A specific object of the invention is to provide an apparatus for manufacturing selectively reinforced corrugated paperboard.
Another specific object of the invention is to provide a method for manufacturing selectively reinforced corrugated paperboard that is compatible with existing manufacturing equipment and requires no modification of major equipment.
Another object of the invention is to provide a method for manufacturing selectively reinforced corrugated paperboard that utilizes a heat-activated adhesive that is activated by ambient heat present in a conventional hot plate section.
A further object of the invention is to provide a method for manufacturing selectively reinforced corrugated paperboard that remains formable and pliable after manufacturing.
Another further object of the invention is to provide a stronger corrugated box structure by stiffening the folding flap with reinforcing strips.
In the present invention, these purposes, as well as others which will be apparent, are achieved generally by reinforcing packaging strips comprised of low melt, low density polyethylene coated on a paper substrate and the related method and apparatus for producing such. These reinforcing strips are used in the manufacture of corrugated paperboard structures to strengthen the load-carrying joints in the resulting structure and to provide tear resistance to the reinforced joint. These strips, selectively placed on the structure, also reinforce flaps that are subject to repeated folding as well as stiffen the entire flap and body of the structure enabling it to carry a heavier load without failing. These strips are a significant improvement over the nylon mesh reinforced tape of the prior art and provide the resulting paperboard structure with good stacking, uniform distribution of loads and stress and bulge and/or burst resistant properties.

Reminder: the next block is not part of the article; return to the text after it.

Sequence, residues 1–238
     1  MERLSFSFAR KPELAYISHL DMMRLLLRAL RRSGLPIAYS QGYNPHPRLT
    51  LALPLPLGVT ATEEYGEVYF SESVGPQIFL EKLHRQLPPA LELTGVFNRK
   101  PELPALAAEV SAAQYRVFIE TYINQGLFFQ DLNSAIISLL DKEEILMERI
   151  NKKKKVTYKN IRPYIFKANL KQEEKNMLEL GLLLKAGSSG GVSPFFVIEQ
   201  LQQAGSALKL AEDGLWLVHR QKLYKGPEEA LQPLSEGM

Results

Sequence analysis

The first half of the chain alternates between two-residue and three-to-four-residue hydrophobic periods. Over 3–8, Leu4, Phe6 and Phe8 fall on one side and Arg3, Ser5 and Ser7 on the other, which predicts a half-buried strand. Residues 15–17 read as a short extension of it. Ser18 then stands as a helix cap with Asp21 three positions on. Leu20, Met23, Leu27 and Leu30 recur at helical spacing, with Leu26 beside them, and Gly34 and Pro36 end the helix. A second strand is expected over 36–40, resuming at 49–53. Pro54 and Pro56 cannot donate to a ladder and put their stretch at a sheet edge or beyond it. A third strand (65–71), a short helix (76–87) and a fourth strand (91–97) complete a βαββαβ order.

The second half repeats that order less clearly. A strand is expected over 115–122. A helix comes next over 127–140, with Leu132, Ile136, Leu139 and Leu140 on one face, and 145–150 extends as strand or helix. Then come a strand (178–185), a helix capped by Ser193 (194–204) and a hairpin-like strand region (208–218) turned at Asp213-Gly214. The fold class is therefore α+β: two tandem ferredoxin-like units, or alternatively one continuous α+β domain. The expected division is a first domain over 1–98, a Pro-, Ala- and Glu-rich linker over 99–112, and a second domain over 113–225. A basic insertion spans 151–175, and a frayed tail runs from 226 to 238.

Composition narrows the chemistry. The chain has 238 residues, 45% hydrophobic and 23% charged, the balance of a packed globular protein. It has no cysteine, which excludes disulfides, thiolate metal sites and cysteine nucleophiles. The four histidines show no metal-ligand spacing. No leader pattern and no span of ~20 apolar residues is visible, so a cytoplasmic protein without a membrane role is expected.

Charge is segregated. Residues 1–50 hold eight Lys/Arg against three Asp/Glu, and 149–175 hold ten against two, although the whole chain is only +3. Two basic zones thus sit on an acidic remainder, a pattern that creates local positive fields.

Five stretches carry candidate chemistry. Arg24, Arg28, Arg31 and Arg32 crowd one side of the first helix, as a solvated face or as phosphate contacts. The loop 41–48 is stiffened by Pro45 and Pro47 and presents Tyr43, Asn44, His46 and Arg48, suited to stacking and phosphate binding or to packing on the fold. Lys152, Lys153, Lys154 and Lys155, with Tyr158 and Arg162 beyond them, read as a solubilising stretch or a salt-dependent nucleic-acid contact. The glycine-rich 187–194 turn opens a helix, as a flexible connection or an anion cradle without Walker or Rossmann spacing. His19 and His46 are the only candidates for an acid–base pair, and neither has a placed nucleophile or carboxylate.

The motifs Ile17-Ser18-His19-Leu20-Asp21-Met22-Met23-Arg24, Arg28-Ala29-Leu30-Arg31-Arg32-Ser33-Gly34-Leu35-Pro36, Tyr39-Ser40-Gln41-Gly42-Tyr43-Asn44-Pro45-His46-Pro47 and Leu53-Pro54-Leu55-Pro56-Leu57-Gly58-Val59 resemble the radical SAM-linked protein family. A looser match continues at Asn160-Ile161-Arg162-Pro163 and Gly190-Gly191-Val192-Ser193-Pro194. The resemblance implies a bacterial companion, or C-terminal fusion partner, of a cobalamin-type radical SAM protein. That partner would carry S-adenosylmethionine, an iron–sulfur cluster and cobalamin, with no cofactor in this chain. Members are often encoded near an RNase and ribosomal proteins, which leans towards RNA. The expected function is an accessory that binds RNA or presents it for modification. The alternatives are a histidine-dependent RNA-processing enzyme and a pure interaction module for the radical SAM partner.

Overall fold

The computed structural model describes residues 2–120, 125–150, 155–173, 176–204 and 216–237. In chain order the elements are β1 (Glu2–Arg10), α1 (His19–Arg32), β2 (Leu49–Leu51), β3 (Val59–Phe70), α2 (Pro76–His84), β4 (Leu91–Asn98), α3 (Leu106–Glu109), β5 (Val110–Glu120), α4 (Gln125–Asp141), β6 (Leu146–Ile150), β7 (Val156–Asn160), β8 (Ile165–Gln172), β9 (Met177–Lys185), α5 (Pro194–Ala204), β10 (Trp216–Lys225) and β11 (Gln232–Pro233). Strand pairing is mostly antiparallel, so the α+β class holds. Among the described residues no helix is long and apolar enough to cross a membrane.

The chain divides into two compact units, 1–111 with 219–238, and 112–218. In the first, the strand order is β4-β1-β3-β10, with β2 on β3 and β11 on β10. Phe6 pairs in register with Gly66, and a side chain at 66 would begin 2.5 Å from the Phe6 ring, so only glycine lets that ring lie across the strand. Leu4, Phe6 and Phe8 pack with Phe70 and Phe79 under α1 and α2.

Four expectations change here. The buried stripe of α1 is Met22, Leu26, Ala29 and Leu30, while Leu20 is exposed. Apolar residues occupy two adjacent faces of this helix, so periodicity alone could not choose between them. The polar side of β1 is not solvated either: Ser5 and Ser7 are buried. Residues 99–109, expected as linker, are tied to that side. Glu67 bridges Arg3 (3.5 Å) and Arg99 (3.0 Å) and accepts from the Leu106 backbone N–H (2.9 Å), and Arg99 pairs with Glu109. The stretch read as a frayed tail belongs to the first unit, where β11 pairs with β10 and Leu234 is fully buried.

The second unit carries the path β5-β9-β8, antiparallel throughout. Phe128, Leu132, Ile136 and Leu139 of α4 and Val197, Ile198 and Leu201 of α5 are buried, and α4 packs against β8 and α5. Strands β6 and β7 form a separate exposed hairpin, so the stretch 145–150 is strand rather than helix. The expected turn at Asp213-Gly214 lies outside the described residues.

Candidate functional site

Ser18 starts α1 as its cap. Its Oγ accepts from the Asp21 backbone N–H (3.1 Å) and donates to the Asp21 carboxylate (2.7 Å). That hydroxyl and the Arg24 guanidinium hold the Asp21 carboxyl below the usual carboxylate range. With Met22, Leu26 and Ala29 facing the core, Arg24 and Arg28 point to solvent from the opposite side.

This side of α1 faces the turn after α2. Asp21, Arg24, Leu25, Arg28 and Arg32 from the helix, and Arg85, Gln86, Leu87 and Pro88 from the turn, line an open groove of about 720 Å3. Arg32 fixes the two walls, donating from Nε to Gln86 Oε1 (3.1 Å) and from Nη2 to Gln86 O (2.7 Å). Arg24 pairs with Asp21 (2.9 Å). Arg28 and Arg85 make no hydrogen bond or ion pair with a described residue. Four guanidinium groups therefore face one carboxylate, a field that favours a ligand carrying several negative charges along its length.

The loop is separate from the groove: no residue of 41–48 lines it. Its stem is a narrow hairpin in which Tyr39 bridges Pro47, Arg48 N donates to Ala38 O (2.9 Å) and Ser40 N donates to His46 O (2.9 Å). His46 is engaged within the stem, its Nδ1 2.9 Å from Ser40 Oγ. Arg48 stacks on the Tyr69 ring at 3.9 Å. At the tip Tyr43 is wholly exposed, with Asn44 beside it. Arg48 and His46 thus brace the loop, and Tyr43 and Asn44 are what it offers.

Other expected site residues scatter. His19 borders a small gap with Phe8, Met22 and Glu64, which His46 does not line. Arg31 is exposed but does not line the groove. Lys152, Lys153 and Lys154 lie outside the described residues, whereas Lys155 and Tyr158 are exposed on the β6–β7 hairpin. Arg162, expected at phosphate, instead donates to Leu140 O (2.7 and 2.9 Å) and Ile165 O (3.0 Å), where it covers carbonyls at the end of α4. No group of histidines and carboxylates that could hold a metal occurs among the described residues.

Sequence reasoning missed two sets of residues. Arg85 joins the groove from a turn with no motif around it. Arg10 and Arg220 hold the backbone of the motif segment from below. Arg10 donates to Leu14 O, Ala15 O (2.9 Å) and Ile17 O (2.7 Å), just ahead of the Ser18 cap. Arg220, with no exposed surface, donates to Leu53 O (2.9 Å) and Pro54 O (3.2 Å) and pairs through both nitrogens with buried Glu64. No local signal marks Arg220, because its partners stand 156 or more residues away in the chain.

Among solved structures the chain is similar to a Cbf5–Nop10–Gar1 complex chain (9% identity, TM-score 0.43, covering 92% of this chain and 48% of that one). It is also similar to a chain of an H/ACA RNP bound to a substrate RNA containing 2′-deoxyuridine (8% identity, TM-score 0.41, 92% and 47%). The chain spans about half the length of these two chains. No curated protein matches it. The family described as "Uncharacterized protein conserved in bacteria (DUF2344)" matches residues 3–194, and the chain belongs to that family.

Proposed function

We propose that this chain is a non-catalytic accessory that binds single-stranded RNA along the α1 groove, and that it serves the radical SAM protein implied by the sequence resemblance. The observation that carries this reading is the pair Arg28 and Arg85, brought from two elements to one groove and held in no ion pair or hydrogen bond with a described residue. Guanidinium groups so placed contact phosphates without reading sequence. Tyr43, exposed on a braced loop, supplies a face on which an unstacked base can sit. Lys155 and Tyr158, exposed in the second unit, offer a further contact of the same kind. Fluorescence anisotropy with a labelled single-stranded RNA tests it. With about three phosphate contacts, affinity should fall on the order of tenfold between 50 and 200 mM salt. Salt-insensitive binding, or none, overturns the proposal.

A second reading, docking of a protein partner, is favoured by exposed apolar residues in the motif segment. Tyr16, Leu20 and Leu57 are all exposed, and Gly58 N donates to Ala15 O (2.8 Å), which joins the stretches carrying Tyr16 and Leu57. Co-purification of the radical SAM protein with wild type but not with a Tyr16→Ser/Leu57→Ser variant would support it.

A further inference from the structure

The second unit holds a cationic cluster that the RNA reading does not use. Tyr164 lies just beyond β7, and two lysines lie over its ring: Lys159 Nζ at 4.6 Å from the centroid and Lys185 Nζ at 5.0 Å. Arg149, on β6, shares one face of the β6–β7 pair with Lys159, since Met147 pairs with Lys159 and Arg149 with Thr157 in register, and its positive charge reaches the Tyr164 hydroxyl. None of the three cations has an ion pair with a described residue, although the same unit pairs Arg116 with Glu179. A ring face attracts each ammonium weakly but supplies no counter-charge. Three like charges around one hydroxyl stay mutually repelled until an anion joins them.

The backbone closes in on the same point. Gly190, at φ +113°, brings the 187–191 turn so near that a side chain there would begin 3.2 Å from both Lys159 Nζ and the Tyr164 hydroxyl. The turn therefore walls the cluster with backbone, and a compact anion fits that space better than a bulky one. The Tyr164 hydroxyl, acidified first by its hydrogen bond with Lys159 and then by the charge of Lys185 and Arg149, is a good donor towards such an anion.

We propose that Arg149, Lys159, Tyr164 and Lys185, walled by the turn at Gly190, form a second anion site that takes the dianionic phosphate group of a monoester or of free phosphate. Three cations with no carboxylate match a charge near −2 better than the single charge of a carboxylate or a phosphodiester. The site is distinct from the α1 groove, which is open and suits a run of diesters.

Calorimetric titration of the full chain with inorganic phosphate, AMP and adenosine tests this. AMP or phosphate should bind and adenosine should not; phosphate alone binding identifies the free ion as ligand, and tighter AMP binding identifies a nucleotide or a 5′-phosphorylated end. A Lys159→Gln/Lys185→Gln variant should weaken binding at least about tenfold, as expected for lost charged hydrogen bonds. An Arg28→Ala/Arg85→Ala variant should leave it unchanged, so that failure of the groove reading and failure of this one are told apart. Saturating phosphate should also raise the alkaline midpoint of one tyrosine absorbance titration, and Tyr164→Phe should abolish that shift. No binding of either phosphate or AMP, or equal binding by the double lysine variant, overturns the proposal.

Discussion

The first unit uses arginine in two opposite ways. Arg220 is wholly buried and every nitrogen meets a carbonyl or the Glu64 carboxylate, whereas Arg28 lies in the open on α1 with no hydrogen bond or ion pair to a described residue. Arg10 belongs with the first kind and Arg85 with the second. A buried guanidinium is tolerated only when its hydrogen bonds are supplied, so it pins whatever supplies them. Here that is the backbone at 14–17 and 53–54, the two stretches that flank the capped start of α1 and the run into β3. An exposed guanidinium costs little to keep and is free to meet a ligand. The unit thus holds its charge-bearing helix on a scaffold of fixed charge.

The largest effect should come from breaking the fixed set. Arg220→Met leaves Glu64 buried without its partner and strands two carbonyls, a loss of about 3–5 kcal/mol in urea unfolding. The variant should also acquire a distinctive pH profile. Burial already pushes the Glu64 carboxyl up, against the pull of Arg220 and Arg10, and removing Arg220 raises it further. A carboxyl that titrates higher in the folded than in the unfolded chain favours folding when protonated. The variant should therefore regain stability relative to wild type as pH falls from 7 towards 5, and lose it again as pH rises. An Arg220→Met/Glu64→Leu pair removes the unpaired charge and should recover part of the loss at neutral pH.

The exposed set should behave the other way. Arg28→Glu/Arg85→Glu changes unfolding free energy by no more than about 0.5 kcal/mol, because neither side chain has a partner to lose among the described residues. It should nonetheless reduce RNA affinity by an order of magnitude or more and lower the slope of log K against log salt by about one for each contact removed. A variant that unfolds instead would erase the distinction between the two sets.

In a preferred embodiment, the polyethylene coated strip is placed so that it reinforces the score on the corrugated board that eventually forms the joint at the top of the box, thus selectively reinforcing the closure scoreline to permit repeated opening and closing without failure.
Other objects, features and advantages of the present invention will be apparent when the detailed description of the preferred embodiment of the invention are considered with reference to the drawings which should be construed in an illustrative and not limiting sense as follows: